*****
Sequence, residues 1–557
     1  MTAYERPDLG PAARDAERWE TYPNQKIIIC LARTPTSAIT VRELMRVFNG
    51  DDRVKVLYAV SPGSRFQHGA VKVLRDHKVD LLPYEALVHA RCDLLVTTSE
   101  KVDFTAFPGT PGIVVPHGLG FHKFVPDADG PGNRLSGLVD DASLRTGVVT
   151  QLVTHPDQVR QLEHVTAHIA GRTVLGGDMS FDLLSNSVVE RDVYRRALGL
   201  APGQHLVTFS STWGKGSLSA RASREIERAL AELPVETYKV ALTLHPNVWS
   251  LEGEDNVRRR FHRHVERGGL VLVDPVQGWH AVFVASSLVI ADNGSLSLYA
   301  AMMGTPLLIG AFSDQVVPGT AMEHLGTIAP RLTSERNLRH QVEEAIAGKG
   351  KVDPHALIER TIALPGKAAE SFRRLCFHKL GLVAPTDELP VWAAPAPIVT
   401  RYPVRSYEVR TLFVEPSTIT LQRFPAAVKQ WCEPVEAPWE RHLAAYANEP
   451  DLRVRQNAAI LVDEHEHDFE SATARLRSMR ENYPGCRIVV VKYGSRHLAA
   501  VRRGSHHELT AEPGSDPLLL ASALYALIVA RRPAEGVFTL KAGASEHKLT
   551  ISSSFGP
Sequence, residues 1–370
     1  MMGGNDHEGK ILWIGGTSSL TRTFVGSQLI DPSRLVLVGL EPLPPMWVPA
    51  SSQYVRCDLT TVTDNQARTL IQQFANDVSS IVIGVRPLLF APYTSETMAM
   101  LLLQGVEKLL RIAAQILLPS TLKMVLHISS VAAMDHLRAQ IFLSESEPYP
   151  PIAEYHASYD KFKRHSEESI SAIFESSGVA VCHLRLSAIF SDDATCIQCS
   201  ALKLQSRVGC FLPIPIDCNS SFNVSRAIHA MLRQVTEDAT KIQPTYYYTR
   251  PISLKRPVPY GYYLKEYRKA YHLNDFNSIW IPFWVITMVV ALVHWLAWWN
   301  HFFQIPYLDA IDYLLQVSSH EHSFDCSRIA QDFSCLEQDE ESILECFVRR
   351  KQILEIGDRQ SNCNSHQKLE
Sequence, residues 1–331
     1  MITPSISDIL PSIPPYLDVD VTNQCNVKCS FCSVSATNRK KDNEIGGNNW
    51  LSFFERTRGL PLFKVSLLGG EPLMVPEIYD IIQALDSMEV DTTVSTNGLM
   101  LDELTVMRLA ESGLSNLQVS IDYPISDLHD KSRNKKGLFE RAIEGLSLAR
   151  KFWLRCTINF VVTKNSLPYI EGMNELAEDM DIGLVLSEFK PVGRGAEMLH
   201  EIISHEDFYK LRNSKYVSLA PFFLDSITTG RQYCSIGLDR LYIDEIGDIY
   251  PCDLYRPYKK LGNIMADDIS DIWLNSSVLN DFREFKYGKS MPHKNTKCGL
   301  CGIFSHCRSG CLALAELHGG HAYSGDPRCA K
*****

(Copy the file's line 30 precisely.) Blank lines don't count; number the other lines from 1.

   301  CGIFSHCRSG CLALAELHGG HAYSGDPRCA K